(d1) Filler free epoxide resins
TABLE 1______________________________________ State of the Panel Foam Bubbles Surface Cloudiness in the Panel______________________________________Without Siloxane very many could not be very many bubbles and evaluated cratersSiloxane 1 smooth, none isolated bubble- and crater-free surfaceSiloxane 2 smooth, none isolated bubble- and crater-free surfaceSiloxane 3 smooth, none none bubble- and crater-free surfaceSiloxane 4 smooth, none none bubble- and crater-free surfaceSiloxane 5 smooth, none none bubble- and crater-free surfaceSiloxane 6 smooth, none none bubble- and crater-free surfaceComparison no craters slight 28 microbubblesProduct A cloudiness in the panelComparison isolated clear 21 microbubblesProduct B craters in the panelComparison isolated clear isolatedProduct C craters microbubbles in the panel______________________________________
(d2) Filler-Containing Epoxide Resin
TABLE 2______________________________________ State of the Test Panels______________________________________Without Siloxane Surface densely covered with bubbles, some bubble diameter up to about 1 mm, 2-3 mm cratersSiloxane 1 5 microbubbles (with a diameter of 0.5 mm), otherwise glossy, smooth surfaceSiloxane 2 bubble-free, smooth, glossy surfaceSiloxane 3 bubble-free, smooth, glossy surfaceSiloxane 4 bubble-free, smooth, glossy surfaceSiloxane 5 bubble-free, smooth, glossy surfaceSiloxane 6 bubble-free, smooth, glossy surfaceComparison 25 microbubbles and 4 craters at the surface,Product A otherwise a smooth surfaceComparison 18 microbubbles and 5 craters,Product B otherwise smooth surfaceComparison 14 microbubbles and 2 craters,Product C surface not as glossy as with A 500______________________________________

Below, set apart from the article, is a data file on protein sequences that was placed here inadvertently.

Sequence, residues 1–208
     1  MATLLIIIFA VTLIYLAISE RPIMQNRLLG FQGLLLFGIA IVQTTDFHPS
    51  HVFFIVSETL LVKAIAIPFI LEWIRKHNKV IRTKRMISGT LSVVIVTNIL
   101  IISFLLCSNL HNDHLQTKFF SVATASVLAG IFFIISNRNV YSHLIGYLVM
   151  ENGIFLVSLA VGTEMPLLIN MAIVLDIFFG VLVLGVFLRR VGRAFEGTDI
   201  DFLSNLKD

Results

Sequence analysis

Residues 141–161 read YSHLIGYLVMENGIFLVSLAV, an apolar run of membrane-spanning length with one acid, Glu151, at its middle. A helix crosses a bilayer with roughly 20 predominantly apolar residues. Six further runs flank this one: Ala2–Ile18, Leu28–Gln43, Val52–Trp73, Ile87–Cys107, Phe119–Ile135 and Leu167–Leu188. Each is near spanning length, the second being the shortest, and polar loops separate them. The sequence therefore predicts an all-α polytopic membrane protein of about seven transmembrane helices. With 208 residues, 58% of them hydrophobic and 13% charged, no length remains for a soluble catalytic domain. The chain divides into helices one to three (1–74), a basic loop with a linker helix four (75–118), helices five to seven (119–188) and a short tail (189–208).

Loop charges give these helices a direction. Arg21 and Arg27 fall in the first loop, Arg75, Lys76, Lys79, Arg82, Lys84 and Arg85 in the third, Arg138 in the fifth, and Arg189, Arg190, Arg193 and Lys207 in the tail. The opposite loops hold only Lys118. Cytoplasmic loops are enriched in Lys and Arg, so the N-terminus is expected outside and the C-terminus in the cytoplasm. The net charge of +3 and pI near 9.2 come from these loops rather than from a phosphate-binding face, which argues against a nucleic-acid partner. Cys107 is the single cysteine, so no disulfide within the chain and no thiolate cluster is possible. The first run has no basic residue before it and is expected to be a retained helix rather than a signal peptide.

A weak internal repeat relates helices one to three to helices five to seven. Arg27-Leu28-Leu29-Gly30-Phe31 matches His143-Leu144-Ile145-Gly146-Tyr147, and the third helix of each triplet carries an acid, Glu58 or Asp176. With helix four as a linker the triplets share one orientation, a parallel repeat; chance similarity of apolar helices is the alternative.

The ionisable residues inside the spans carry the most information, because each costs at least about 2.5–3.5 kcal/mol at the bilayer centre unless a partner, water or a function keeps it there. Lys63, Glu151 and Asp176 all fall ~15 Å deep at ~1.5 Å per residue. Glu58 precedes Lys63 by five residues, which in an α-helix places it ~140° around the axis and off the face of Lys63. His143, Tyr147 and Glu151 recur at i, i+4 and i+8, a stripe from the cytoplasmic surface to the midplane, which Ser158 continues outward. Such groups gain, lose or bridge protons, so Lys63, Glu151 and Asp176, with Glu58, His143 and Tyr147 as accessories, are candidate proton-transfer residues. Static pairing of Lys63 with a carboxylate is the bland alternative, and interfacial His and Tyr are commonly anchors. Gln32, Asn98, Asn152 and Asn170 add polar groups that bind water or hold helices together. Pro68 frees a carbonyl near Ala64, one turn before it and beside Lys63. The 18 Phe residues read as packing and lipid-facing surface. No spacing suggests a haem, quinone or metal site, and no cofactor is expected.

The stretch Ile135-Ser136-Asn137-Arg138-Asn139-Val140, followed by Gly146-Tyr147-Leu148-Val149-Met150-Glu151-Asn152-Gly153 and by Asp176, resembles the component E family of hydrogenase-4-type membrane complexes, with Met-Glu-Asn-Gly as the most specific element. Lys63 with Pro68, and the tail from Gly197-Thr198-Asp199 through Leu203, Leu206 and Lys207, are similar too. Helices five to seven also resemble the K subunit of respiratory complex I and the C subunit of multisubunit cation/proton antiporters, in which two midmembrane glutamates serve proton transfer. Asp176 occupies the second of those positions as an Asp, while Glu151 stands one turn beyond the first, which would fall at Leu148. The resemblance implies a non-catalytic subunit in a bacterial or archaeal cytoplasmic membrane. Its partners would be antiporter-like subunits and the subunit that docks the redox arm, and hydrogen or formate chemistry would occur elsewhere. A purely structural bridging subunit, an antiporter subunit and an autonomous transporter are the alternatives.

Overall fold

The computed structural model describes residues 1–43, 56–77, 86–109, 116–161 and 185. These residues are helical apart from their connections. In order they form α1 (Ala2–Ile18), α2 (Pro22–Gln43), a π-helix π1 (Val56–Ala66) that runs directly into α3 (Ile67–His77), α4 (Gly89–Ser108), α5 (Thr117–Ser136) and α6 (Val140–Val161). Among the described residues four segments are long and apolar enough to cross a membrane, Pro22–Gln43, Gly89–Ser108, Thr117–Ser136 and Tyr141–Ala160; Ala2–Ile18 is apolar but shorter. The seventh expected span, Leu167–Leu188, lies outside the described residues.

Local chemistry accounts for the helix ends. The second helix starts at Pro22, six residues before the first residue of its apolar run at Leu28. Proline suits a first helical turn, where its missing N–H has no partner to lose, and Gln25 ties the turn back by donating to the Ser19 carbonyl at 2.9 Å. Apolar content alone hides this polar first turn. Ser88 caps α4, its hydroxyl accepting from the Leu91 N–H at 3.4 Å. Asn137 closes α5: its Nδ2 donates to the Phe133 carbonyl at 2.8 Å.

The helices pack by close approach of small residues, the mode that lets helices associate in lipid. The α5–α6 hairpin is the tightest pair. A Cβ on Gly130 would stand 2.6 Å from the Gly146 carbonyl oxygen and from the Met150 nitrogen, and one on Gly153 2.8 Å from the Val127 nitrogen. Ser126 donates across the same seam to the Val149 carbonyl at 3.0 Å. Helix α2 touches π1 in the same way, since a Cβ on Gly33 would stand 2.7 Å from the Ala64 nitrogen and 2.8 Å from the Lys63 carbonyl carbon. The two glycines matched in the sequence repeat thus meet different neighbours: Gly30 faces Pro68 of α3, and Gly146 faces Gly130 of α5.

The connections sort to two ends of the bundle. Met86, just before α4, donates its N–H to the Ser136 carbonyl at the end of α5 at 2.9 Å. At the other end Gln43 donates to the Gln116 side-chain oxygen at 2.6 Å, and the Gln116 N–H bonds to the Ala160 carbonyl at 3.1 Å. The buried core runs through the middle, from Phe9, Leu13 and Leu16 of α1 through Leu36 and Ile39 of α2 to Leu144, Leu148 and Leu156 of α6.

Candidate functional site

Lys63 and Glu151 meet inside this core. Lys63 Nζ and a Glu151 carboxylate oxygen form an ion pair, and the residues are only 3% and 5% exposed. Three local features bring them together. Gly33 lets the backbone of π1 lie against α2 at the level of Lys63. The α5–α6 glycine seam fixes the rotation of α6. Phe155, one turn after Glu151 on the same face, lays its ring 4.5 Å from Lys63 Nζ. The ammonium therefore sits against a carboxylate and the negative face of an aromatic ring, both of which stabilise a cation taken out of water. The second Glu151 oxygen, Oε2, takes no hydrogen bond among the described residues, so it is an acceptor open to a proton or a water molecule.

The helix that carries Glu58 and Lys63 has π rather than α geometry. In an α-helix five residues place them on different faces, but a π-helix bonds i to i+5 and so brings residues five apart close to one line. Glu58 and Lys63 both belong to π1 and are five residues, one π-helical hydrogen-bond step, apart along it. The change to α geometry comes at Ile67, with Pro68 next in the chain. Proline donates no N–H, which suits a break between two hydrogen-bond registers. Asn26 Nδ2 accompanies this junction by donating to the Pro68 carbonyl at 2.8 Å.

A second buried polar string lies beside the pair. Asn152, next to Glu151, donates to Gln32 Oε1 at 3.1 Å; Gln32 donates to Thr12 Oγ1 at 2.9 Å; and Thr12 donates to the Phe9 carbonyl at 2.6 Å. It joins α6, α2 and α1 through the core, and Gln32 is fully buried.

A paste consisting of 70 g of polyvinyl chloride and 30 g of dioctyl phthalate is weighed into a graduated beaker, which is provided with cm divisions. The beaker is then placed in a vacuum desiccator, which is evacuated rapidly with the help of a pump to 20 mbar and left at this pressure. After 1, 2 and 3 minutes, the height of the foam, formed by the air escaping from the paste, is measured (1st measurement). After 3 minutes, air is allowed to flow into the desiccator one again. The desiccator is then evacuated once more, the height of the foam measured at the specified times and the pressure equalized (2nd measurement). The experiment is carried out without deaerating agent and with the addition of 0.5% by weight of the inventive siloxane 6. The following results are obtained:
TABLE 3______________________________________ Foam Height in cm After 1st Measurement [min] 2nd Measurement [min] 1 2 3 1 2 3______________________________________Without Silicone 8 8 8 5 0.6 0.6With Inventive 2 0.5 0.5 0.4 0.4 0.4Siloxane 6______________________________________